Researcher Blocks the Harmful Effects of a High-Fructose Diet
By: Almas Eftekhari
Over the last few decades, the Western diet has evolved considerably. One critical change has been the increased use of sweeteners like fructose and sucrose in processed foods. High-fructose corn syrup (HFCS) has become the most widely used sweetener in the U.S. , and is found in soft drinks, fruit juices, cereals, baked goods, and other processed foods. Statistics reveal a surge in consumption of foods and drinks laden with added sugars, especially HFCS, which has been associated with the growing obesity and diabetes epidemic.
Research has shown that consumption of fructose poses detrimental effects to health, including rapid fat accumulation in the liver and in other important organs. Lead investigator Yuri Sautin, PhD, from the University of Florida, has recently shed light on the way fructose is broken down, or metabolized, by the body. By elucidating these pathways he had discovered a way to potentially block its harmful effects.
Metabolism of fructose differs from the way other dietary sugars are metabolized – it is initially digested by an enzyme called ketohexokinase (KHK) and is quickly absorbed by the liver from the intestine. Dr. Sautin found that elevated levels of fructose also activated genes responsible for stimulating fat production and accumulation inside the liver, which can eventually lead to non-alcoholic fatty liver disease, insulin resistance in the liver, and the progression of type 2 diabetes over time.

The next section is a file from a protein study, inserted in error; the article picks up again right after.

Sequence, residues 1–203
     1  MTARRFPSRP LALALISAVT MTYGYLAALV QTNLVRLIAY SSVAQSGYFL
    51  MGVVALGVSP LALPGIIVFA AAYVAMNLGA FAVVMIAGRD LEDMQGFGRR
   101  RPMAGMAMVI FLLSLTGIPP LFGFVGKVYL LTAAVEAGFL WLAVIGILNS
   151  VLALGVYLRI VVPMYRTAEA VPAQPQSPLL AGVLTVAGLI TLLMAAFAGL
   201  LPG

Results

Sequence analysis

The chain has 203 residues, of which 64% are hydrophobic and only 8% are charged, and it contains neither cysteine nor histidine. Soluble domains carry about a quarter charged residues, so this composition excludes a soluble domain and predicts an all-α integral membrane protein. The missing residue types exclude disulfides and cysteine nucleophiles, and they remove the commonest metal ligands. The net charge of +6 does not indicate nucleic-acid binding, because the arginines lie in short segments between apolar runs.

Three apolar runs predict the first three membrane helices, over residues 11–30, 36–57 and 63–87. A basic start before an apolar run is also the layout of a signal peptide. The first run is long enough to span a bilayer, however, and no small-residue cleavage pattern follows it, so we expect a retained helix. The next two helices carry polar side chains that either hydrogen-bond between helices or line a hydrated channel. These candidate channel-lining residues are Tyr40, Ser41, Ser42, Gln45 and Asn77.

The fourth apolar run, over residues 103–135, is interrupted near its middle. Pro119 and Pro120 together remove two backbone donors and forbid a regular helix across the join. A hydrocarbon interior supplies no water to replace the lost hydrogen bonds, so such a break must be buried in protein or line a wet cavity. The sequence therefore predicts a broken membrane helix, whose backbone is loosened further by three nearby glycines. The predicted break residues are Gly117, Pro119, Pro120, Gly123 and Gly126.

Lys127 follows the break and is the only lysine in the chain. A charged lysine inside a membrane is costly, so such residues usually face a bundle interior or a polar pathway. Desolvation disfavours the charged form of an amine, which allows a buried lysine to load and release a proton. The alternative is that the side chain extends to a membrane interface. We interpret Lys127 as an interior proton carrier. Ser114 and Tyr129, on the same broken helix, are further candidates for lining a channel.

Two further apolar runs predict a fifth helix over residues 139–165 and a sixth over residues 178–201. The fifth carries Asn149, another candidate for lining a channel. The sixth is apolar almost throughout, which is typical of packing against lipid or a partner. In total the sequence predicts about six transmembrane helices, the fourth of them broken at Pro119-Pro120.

When he fed healthy mice a high-fructose diet over 12 weeks, they gained significant amounts of visceral fat and became insulin resistant. But when the researcher removed the KHK enzyme from mice using genetic engineering, fructose metabolism was redirected through alternate pathways that did not cause insulin resistance. These mice consumed the same high fructose diet but remained lean with normal insulin sensitivity and healthy distribution of fat in their tissues.
“This study demonstrates that blocking KHK and redirecting fructose metabolism to alternative pathways is an effective way to prevent visceral obesity and insulin resistance induced by high fructose, a widespread component of Western diets,” said Dr. Sautin.
“Our studies will likely be useful for developing new therapeutic approaches for the prevention and treatment of obesity and metabolic syndrome.”
Dr. Sautin presented his research findings on June 23, 2013 at the 73rd American Diabetes Association Scientific Sessions in Chicago, IL.
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